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Fly Fishing

fly-fishingFly fishing is mostly a freshwater method of fishing that is generally considered to be an art form. Most fly fishermen have their own particular techniques and many make their own bait or ‘flies’ by hand. The general concept behind fly fishing is that the angler makes his lure mimic the movement of an insect or minnow that would be the typical prey of freshwater fish. Fly fishing is effective when fishing for pike, bass, trout and bream, although the approach has been used to hunt most sport fish.

There are two types lures, known as flies, in fly fishing – the surface fly and the sub-surface fly. As the name suggests, the surface fly is designed to land on the surface of the water, and to trap those species of fish known as surface feeders. These flies should therefore be constructed of lightweight material, so they do not sink as soon as they hit the water. The sub-surface flies however are designed to sink, and are therefore constructed of heavier components. They resemble an insect’s nymph stage, and target those fish that inhabit the deeper levels of lakes, rivers and streams.Most flies in fly fishing are made by the anglers themselves, although some can be shop bought. There is a huge variety to the lures that are used in fly fishing, and many consider this aspect of the sport an art in itself. Flies are made to resemble certain insects as closely as possible, for example it is possible to see flies that resemble grasshoppers, crickets, beetles, mayflies, willowflies and stoneflies. Some flies are also designed to look like bait fish.When designing a fly, anglers must take into account the species of fish they hope to catch and the conditions in which they will be fishing. This is why most flies are highly customised. It is also important to understand how fish operate and what they respond to. In general certain shapes, movements and colours catch the attention of fish. For example if a certain species of fish tends to eat grasshoppers, they will respond to flies that are green and oval shaped, and that mimic the movements of these insects before settling on the water. If you are going fly fishing on a certain river or lake, it is a good idea to first observe the insects in the area and how they behave. When you begin fishing, your fly should resemble one of these insects as closely as possible, in both colour, shape and movement.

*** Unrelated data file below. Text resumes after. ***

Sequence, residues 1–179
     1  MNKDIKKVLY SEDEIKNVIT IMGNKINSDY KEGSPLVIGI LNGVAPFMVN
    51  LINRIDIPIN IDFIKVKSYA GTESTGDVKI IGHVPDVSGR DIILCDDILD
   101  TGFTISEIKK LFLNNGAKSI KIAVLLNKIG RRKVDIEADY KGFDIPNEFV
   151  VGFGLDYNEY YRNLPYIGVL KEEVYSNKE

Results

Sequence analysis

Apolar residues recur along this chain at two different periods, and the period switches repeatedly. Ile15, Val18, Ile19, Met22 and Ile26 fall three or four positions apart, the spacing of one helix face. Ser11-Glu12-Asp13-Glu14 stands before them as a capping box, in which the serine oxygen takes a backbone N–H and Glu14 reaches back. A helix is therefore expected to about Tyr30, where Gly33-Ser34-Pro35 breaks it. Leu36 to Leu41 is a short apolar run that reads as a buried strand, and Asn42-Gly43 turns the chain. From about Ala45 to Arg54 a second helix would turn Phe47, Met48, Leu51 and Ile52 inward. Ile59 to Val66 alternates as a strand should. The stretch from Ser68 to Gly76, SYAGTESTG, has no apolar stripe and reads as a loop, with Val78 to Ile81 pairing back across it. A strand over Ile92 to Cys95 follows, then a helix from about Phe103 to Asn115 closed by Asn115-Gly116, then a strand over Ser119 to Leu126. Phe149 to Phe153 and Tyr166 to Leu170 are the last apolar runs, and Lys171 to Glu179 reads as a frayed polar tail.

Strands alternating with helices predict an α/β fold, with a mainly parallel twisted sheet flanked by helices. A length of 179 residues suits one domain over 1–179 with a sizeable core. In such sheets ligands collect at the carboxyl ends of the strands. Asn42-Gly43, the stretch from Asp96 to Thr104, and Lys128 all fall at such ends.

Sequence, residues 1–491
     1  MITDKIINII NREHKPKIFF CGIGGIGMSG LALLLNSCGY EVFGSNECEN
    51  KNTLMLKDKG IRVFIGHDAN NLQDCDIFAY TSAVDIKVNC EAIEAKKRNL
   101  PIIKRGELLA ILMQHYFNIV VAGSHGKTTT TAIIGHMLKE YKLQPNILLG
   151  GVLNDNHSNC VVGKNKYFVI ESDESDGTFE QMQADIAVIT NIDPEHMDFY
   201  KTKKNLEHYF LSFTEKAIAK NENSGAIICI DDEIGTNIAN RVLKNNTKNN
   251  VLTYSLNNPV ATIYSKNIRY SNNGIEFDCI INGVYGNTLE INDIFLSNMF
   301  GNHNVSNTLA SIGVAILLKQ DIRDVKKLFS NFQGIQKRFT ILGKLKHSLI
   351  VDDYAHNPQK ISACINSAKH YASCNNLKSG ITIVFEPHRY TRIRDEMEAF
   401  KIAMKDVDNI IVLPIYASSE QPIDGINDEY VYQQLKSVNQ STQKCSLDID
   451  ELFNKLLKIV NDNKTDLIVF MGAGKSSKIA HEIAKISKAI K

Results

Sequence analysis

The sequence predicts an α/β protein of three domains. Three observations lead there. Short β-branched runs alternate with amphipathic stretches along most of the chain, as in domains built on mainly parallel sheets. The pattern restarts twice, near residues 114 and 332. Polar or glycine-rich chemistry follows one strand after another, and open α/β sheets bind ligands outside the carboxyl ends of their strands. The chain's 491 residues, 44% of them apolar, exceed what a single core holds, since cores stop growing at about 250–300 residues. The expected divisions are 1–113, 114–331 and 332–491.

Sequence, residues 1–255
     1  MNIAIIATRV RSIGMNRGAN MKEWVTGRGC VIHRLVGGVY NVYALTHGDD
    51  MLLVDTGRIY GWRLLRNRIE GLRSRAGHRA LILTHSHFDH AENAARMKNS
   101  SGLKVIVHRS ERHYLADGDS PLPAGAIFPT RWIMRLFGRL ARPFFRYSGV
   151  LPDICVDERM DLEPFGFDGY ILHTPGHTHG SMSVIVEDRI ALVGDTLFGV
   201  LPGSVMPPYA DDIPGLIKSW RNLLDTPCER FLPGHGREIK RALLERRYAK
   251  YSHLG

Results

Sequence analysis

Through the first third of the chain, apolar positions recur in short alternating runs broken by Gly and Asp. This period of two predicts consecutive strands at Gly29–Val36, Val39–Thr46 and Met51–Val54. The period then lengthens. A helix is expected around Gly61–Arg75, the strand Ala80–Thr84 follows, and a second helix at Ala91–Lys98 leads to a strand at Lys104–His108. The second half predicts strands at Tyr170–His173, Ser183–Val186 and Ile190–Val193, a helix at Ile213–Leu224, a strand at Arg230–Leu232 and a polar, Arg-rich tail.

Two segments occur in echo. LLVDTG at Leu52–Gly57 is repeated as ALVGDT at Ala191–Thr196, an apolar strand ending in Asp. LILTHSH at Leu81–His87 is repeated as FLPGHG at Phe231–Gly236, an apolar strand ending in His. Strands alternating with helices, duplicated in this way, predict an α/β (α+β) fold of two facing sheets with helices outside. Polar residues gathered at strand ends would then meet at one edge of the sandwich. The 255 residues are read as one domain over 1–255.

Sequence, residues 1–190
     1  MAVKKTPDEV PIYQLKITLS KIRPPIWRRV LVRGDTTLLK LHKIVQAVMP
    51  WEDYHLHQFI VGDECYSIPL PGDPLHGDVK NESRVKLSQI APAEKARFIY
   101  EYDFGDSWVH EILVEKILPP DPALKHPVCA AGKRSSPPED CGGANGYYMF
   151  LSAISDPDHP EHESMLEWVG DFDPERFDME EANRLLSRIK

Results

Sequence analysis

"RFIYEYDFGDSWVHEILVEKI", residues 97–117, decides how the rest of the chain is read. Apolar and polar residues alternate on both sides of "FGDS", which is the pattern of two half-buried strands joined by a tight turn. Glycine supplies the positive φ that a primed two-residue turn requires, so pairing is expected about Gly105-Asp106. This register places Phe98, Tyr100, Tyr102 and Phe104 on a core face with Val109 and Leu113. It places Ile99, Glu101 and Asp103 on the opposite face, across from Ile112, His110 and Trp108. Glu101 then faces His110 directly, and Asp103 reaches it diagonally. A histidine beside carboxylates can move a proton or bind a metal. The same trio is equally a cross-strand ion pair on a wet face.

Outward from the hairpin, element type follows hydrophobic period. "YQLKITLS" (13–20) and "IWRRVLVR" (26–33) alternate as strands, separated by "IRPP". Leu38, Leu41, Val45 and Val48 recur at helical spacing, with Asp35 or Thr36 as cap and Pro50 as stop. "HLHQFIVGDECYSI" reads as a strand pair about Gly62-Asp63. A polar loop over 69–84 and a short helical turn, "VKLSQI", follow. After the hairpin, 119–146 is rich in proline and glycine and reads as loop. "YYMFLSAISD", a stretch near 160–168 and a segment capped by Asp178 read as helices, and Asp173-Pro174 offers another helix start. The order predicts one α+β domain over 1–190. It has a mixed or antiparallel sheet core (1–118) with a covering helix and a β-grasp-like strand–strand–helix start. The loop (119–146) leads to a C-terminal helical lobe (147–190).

fishing1Fly Fishing Casting Technique

When fly fishing, casting technique is vitally important. Many anglers spend hours developing their casting, learning how to use their flies in the most effective and convincing manner. You should always try to make it look like your fly is a real insect, which has flown across the water before landing on the surface. Alternatively you can attempt to mimic a dead insect, floating on the top of the water. There are in general two components to fly fishing casting, the back cast and the forward cast. It is important to note that your elbow should not move during the cast, as this is what creates the snapping motion in the rod and makes the movement of the fly more realistic. When you are performing the back cast, slowly raise the rod until the line grows tight. The forward cast occurs when you snap your arm forward (without moving the elbow), and then stop it suddenly, casting the fly outwards towards the surface of the water. Most fly fishing is done while standing knee deep in water, however sometimes you may be forced to stand on the bank, if your presence seems to be disturbing the fish.